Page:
Tuesday, July 31, 2012
Never Run It Dry
Keeping track of the time/speed/distance equation is only part of fuel management
According to the AOPA Air Safety Foundation, fuel exhaustion or mismanagement are common causes of accidents, ranking fourth behind landing, takeoff and maneuvering at low altitudes. Bill Cox once ran a tank dry on a Cherokee Six but was able to restart the engine.
The AOPA Air Safety Foundation reports that fuel exhaustion or mismanagement are all-too-common causes of accidents, generally fourth behind landing accidents, takeoff incidents and maneuvering flight at low altitude. Fuel exhaustion is exactly what it sounds like—running the tanks dry. Fuel mismanagement relates to landing with fuel still on board but inaccessible because of a system problem, because the pilot didn't know he had it available or simply forgot to change tanks.
Fuel management isn't really that tough these days, considering that totalizers keep almost perfect track of fuel burned and remaining. Even modern aircraft fuel gauges are more reliable than they used to be. In fact, managing fuel use was never that difficult to begin with, provided you knew how much you had on board, how much you were burning and when you departed. Assuming there were no leaks, the answer was a simple problem in elementary math. The difficulties arise when you don't know all three of the items above. Trouble is, many pilots are convinced they do know how much fuel is in the tanks when, in fact, they have only a vague idea.
Let's consider fuel capacity. According to the book, I can carry 64 gallons in my Mooney…or can I? I bought my airplane in 1987 and knew it had never been wrecked, so it was reasonable to assume the tanks were not deformed and still in the original shape. Fortunately, I had my Mooney's tanks resealed a few years ago, so I had the perfect opportunity to determine true capacity. Every ounce of fuel had to be drained in order to reseal the tanks, and that meant I was starting from true empty.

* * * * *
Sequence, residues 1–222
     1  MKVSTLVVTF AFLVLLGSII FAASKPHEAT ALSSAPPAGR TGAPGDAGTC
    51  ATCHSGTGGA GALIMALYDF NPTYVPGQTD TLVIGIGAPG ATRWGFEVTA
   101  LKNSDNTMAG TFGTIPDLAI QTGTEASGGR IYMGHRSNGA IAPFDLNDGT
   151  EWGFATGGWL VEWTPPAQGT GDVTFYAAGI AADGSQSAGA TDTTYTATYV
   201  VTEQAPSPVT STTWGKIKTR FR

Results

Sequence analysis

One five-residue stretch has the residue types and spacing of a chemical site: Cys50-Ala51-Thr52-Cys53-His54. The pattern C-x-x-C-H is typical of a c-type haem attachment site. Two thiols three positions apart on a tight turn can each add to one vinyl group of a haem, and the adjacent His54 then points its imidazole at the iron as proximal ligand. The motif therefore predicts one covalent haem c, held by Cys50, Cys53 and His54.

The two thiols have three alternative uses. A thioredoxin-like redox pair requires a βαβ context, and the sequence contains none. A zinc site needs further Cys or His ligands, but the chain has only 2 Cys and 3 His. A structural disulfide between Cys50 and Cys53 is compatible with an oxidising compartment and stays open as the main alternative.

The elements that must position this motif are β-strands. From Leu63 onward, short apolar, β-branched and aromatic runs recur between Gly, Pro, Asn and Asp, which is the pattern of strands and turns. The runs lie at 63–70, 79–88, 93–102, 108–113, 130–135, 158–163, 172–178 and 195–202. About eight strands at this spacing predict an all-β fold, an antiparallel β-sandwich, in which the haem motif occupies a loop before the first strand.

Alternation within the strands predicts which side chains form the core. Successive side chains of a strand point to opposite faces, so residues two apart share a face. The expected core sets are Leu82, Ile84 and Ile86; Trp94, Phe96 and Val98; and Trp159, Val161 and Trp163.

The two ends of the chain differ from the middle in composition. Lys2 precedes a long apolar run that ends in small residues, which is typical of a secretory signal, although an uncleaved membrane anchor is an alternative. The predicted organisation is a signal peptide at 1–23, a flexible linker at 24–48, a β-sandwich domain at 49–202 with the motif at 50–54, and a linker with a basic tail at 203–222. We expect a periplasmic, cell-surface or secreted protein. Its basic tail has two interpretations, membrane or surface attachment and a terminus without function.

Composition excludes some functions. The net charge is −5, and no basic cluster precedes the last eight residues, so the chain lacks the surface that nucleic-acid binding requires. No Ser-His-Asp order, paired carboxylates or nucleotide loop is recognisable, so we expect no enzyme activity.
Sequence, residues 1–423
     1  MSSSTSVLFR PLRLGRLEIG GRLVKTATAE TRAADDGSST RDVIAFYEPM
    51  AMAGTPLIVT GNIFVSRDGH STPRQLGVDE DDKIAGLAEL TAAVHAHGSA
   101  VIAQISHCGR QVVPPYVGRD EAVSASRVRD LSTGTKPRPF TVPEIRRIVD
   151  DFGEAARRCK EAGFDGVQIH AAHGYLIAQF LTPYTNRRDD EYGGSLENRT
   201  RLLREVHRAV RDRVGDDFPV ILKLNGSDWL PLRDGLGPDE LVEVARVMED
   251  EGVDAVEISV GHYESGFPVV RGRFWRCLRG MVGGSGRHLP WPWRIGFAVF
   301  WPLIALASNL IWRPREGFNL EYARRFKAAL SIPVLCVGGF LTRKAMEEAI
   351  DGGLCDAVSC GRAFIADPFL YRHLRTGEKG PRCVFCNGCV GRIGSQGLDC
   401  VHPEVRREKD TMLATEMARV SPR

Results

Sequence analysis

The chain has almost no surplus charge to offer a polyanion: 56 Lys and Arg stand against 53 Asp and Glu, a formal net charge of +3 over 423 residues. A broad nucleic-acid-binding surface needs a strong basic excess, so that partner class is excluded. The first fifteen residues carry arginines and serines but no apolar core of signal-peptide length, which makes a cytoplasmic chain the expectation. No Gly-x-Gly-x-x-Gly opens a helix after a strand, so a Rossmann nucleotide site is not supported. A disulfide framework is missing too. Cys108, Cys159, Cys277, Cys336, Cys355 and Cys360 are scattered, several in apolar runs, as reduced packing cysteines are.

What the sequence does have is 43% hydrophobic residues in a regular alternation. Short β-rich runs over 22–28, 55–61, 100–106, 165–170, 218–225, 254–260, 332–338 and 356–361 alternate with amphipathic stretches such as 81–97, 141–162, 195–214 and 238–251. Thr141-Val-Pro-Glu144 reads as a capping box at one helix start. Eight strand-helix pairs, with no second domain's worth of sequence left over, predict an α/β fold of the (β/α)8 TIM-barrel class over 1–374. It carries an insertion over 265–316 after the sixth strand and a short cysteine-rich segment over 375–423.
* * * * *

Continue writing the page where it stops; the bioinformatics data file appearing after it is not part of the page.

Accordingly, I pushed the airplane out to a level ramp, with no apparent list left or right. It was mid-morning, and the temperature was about 60 degrees F, pretty close to standard, so fuel density wasn't a concern. (Some long-distance flyers, in search of maximum range, have their fuel supercooled and pumped aboard at the last possible minute, then climb quickly to high altitude and burn the top off each tank before the avgas can expand and overflow.)
When the fuel truck arrived, I asked the fueler to pump the 100LL slowly so there would be less chance of an air bubble. While he pumped, I shook the wing at the tip to help any air escape. Then, I watched carefully to make certain the level came to the exact bottom of the filler neck.
When the fueler was done, the meter suggested I had taken aboard 33.1 gallons in the left tank and 33.4 gallons in the right, a total of 66.5 gallons, 2.5 more than maximum. According to Mooney, that's all usable, so I could assume that figure for flight planning. I don't. I use the standard 64-gallon capacity instead.
A deformed tank can be more common than you might imagine, and any deformation will almost always rob you of fuel capacity. After a friend with a Comanche 260 died of a heart attack many years ago, his widow asked me to maintain his airplane for her, taking it out for a walk every two months or so. She swore she'd never sell it, as it had been her late husband's beloved toy. Finally, reality intervened, and she asked me to sell it for her.
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